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Morphological Processes

Morphological Processes

Glossary Link Morphology is the study of how words are formed.  Many words are simply a Glossary Link stem with no other morphemes added, such as table.  Words that are composed of more than one Glossary Link morpheme have undergone some type of morphological process.

Morphological processes alter stems to derive new words. They may change the word’s meaning (derivational) or its grammatical functions (inflectional). There are several different types of processes, not all of which are present in all languages. Some of these are concatenative, meaning that they involve the linear combination of morphemes (affixation, for example), while others are non-concatenative, involving the internal Glossary Link alternation of morphemes.

Concatenative (linear)
Glossary Link Compounding
Compounding can be used to Glossary Link form new words through combining two stems as in the words blackbird or housekeeper. Compounds can be composed of many parts of speech.  Some examples include:
  Glossary Link noun-noun such as horseshoe
 noun- Glossary Link verb such as trouble-shoot
  Glossary Link adjective –verb or high-jump
 adjective-adjective such as bittersweet
 adjective-noun such as jumping bean
 verb-noun such as spelling bee
 verb- Glossary Link preposition such as push-up
 preposition-verb such as out-cast

As you can see from the examples above, the meaning of a compound is not affected by spelling.  Some compounds are one word as in housefly, hyphenated as in extra-terrestrial or separated by a space as in kill joy. They can even be composed of more than two words as in out-of-pocket.  All compounds have a Glossary Link head, which is the element that determines the part of speech. In English, compounds are right-headed, meaning that the right Glossary Link constituent determines the Glossary Link grammatical category of the word. Blackbird is a kind of bird, and is used as a noun. However, when a preposition is found in the rightmost position, the left element will be the head.  This is due to the fact that prepositions are closed class, function words which are not used to create new meaning.  
Compounds in all languages are not right-headed.  For instance in Spanish the compound word lavaplatos (dishwasher) is left-headed: it is an entity that washes (lava-) a kind of dish (platos). Compound verbs are found in certain languages as well. Dutch combines weer ‘again’ with schijn ‘to shine’ to form the complex verb weer-schijn ‘to reflect.’ Farsi forms many verbs by combining a noun with the verb kaerdaen “to do or make:” fekr (thought) + kaerdan = fekr kaerdaen  “to think.”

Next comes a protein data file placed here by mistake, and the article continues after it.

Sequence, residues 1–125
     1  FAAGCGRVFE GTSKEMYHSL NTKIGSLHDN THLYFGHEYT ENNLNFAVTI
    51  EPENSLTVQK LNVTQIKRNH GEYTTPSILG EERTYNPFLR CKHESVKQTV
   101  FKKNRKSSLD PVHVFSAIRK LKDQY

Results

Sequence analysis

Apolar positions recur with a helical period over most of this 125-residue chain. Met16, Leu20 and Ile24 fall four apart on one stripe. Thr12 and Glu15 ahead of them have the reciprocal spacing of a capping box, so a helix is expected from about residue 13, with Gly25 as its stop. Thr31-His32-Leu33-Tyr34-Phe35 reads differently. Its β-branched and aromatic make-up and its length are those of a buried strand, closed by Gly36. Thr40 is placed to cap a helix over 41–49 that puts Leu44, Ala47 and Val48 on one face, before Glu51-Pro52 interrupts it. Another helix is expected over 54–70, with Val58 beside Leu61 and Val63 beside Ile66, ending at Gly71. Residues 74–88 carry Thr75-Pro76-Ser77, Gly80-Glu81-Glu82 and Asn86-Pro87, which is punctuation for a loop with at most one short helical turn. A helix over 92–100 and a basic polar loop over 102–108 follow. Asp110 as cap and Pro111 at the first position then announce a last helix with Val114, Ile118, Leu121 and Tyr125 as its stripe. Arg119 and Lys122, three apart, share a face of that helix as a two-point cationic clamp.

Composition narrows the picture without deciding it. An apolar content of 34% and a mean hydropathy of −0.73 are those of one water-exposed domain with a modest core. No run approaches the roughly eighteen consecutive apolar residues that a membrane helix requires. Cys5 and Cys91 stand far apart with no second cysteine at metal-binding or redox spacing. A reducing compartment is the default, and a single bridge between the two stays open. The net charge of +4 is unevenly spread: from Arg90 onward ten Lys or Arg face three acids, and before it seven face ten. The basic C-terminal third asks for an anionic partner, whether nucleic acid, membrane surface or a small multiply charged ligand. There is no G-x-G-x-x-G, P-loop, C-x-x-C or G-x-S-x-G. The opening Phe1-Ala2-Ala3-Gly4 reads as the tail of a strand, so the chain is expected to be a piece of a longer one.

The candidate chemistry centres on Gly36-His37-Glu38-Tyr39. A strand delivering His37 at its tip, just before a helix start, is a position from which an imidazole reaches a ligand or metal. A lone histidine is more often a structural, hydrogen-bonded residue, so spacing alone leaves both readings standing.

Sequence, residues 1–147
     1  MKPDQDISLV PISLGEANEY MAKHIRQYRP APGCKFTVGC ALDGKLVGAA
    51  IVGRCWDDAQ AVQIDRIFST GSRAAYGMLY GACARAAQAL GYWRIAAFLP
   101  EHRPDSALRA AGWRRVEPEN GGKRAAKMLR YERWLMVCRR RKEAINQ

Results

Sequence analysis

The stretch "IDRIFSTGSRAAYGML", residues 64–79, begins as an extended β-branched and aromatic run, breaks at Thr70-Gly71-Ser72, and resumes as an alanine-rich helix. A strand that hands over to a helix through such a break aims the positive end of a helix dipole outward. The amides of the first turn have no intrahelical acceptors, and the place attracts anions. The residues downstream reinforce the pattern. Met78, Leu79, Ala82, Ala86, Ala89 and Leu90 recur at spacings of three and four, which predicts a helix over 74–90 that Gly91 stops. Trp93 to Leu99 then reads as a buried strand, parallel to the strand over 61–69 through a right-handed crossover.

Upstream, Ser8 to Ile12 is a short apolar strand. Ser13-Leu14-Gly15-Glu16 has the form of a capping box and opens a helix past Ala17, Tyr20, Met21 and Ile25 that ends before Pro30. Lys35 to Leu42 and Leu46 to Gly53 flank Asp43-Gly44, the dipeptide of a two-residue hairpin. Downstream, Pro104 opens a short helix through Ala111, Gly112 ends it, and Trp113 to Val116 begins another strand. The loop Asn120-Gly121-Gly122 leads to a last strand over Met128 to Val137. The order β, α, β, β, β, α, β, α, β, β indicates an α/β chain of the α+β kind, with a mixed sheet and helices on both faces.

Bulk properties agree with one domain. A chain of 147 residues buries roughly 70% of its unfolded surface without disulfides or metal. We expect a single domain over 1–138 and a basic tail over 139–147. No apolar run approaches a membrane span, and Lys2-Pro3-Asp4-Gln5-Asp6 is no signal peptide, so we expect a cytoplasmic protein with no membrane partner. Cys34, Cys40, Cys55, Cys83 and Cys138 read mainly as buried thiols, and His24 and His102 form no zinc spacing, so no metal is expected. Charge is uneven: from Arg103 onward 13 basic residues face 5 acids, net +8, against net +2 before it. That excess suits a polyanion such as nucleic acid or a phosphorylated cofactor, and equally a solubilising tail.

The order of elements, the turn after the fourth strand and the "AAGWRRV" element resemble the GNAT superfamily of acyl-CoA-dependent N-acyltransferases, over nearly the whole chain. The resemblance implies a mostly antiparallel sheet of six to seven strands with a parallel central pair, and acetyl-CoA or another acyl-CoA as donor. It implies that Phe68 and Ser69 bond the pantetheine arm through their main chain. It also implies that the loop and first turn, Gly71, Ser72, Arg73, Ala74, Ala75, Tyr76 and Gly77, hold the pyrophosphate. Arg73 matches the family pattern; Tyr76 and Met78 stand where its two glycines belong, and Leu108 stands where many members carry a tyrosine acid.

Compounds are characterized as either endocentric or exocentric. The former means that the compound is semantically transparent from the meaning of its constituents. In other words, it is a type of its head (as blackbird is a type of bird). An exocentric compound is not as easily understood as the sum of its components. For example, a pickpocket is not a type of pocket but someone who picks things from pockets.  

Incorporation
Incorporation is another form of bringing together one meaning from several components.  Although different from compounding, incorporation appears to share some characteristics with compounding, but there are also important differences between the two. Incorporation is most prevalent in polysynthetic languages, and is a process by which a word (often a verb) incorporates or combines with another word while maintaining its syntactic function. One effect that this has is to decrease the valency of the verb; that is, a verb will take fewer arguments in its incorporated form. Thus a Glossary Link transitive verb that incorporates its Glossary Link direct object will then act as an Glossary Link intransitive verb, unable to take additional arguments. The following example from Mohawk shows an object noun incorporated into the verb:
1)     kahkwennión:ni
k-     ahkwenni-onni
1s.a-clothing-make.stative
‘I’m making clothes.’ (Mithun 2009)

The phrase directly translates as ‘I am clothes-making,’ where the object is a part of the verb itself.


Here is another example, showing both the unincorporated (2a) and incorporated (2b) versions of the sentence from the Southern Wakashan language

Nuu-chah-nulth (Wojdak 2004):
2a) ʔuʔaamitʔiš      čakup maht’ii
      ʔu-ʔaap-mit-ʔiš       čakup maht’ii
      Ø-buy-PST-3.IND man    house
      ‘A man bought a house.’
2b) maht’iiʔamitʔiš            čakup
      maht’ii-ʔaap-mit-ʔiš     čakup
      house-buy-PST-3.IND man
      ‘A man house-bought.’
      ‘A man bought a house.’

These sentences show that noun incorporation is not necessarily a required process, but it is a productive form in those languages that employ it. Furthermore, languages have rules specifying what can and cannot be incorporated; in Nuu-chah-nulth, for example, the object may be incorporated into the verb (as in the example above), but the Glossary Link subject may not. Thus while incorporation may not be widely used in languages such as English, it is an important morphological process in many languages of the world.

Affixation